Anyone who knows anything about Frida, knows that she was in a life threatening bus/trolley accident when she was eighteen. On September 17, 1925, Frida and her boyfriend Alejandro Gomez Arias caught a new shiny bus in downtown Mexico City. As they were sitting on the long bench, they felt the bus sway when the bus driver tried to pass a trolley that was turning a corner. The electric trolley went right through the bus, splitting it apart. Frida ended up in a puddle of blood with gold powder shimmering all over her nude body.
This sounds like a made up story, but Alejandro, who was alright, recounted it to Hayden Herrera when she was writing her biography. So how did Frida end up nude with gold on her blood stained body? Apparently, the force of the accident was so great that it stripped off her clothes and some gold flakes that a man on the bus was carrying landed on Frida's body. People began to shout: "the ballerina, the ballerina" because they thought she was a dancer. The beauty of the red and gold shimmering body gave way to horror when Alejandro realized that Frida's pelvis had been impaled by a metal rod. The scene was chaotic. Alejandro picked Frida up and a man noticed the metal rod and said he should take it out. He did and Frida screamed so loud that it drowned out the sound of the sirens. Alejandro covered Frida's body with his coat and waited for an ambulance to take her to the Red Cross Hospital. He thought she was going to die. Once Frida was brought in to the hospital, he was relieved; however, this feeling soon turned to fear as he realized that the doctors weren't interested in Frida because they wanted to work on the patients they thought had the best chance for survival. Alejandro pleaded with the doctors to look at his girlfriend. They finally did and decided to operate. Alejandro saved her life. If he wasn't there, the doctors probably wouldn't have gotten to Frida in time to save her.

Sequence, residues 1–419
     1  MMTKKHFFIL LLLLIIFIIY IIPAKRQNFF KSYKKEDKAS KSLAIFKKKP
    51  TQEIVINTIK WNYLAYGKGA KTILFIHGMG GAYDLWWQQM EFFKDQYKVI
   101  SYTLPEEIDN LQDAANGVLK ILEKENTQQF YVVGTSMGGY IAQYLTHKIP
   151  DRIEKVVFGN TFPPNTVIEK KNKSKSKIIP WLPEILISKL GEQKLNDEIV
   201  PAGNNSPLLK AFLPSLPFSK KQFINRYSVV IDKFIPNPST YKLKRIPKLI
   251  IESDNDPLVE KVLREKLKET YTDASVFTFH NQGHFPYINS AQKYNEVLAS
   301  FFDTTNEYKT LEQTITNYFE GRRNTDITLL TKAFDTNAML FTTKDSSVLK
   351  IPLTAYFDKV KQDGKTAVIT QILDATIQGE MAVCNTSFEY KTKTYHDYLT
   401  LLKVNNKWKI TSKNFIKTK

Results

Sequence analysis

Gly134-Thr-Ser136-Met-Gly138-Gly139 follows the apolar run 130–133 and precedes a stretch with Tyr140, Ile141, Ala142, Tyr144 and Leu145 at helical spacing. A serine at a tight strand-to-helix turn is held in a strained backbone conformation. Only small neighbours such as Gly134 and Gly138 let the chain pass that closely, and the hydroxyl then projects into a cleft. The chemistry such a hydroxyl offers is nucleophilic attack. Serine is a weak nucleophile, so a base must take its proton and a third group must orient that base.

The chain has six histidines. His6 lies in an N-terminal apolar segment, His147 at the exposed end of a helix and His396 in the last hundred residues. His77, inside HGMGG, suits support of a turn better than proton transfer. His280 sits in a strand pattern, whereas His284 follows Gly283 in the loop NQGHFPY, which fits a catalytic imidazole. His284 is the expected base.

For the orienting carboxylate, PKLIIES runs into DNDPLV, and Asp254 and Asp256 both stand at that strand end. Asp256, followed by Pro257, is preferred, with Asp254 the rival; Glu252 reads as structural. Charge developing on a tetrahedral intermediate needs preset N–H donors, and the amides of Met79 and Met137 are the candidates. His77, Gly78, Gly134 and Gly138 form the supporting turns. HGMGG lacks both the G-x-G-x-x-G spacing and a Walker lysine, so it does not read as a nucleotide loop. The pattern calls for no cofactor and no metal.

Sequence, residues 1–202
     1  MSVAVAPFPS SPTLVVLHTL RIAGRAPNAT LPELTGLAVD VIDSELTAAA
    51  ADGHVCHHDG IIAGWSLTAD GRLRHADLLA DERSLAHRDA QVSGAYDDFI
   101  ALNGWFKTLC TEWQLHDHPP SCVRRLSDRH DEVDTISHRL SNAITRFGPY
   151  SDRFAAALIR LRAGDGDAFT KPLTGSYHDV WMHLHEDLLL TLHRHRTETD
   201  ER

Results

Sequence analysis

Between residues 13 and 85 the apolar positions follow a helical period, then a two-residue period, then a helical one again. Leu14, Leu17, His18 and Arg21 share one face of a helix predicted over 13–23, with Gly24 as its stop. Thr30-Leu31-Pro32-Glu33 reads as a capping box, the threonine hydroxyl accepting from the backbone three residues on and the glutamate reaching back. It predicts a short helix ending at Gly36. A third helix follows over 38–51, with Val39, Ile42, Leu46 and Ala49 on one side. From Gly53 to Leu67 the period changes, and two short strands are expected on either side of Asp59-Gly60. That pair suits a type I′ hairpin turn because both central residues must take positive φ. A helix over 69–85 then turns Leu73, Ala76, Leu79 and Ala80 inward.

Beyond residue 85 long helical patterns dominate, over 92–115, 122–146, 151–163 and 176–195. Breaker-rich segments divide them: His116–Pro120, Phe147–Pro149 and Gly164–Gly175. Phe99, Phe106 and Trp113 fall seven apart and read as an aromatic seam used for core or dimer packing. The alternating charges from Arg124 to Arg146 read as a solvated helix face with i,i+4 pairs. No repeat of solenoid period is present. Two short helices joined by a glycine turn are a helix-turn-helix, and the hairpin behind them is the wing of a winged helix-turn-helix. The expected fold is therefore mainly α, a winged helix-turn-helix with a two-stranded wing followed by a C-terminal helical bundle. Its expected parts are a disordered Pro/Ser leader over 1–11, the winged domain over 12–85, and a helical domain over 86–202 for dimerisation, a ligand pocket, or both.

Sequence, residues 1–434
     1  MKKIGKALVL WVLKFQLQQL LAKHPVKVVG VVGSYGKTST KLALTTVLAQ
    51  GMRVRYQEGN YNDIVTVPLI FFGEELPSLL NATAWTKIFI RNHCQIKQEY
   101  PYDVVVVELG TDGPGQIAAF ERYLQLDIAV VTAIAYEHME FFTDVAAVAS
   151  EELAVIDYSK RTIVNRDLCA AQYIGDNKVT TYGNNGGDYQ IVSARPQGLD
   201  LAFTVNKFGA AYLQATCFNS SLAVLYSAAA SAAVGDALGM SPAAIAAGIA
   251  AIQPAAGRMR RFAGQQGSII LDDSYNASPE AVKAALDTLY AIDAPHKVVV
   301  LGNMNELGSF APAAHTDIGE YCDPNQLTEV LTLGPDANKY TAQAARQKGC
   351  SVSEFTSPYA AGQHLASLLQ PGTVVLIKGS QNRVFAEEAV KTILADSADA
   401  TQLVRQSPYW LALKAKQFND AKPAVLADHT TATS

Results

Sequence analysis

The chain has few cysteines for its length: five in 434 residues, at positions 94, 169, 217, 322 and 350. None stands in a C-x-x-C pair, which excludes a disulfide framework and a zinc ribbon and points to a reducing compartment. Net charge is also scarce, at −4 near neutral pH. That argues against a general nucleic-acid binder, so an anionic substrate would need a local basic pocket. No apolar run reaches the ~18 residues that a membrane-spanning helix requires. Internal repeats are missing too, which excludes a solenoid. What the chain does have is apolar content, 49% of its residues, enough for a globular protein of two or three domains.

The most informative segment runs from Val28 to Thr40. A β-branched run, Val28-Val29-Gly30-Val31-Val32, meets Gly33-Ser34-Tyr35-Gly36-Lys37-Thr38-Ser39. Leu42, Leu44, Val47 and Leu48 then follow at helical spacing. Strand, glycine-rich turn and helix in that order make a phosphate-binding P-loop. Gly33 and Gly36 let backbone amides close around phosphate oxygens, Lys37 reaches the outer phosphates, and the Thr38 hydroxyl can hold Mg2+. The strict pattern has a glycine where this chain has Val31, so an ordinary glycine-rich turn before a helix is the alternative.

She was lucky she survived, but the trauma and life long spinal, pelvic, and leg injuries changed her life forever. Why does an accident like this change someone's outlook on life? The answer seems obvious, but I'd be curious to hear more details about how it feels to wake up after the operation. How do you feel when you are not able to walk at all? How do you feel when you can take a few steps? How do you feel when you are able to walk? How do you feel in your new "broken" body? How do you feel about death? How do you feel about life? Do you appreciate life more or is it agony because of the physical pain and limitations? Do you ever ride a bus or electric trolley again? If you do, are you terrified? How do you feel several years after the accident? Are you burdened by fears or, just the opposite, are you less burdened by fears because you survived such a horrendous accident? Frida gives us some clues about how she felt after her accident, but she didn't write extensively about it.
Here, in this drawing seen above that she made on the one year anniversary of the accident, we can see that it was still fresh in her mind. Our eyes immediately zero in on her bandaged body that lies on a stretcher in the foreground. Her head is tilted toward us, the onlookers, but her eyes are closed. Is she dead or just unconscious? Directly behind Frida, we see the bus/trolley accident in the upper part of the composition. The trolley is drawn with a fair amount of detail, but the people strewn about on the ground are flat and sketch-like. At the bottom on the drawing, Frida writes the date, her name, and (Accidente). This inscription is reminiscent of retablos, small religious paintings that were made by untrained artists to depict a life threatening event and the divine intervention that saved a loved one's life. Usually, an inscription at the bottom or on the top details what happened and thanks Mary or the Virgin of Guadalupe for saving their loved one's life. It's interesting that Frida doesn't thank anyone. The information is merely factual. Frida was raised Catholic and it's clear from letters that she was a believer, but I wonder if her faith was waning at this point? Eventually, she renounces Catholicism for communism.
Frida did give thanks in a retablo that she bought with a bus/trolley accident depicted. She painted her body lying on the ground as if thrown from the bus into the already painted retablo and had her parents thank the Virgin of Sorrows for saving their daughter. This repainted retablo doesn't have a date to tell us when she repainted it. Therefore, it is possible that she repainted it shortly after the accident when she was feeling thankful and that the drawing, which came a year after the accident, reveals a Frida who has had more time to reflect upon her physical and emotional state. Perhaps, a year after the accident, she's tiring of her new broken body that prevents her from being a "real street wanderer," as she tells Alejandro in a letter. What do you think?
Although Frida had enjoyed art before the accident, she had no plans of becoming an artist. She wanted to be a doctor. With time on her hands, she devoted herself to art.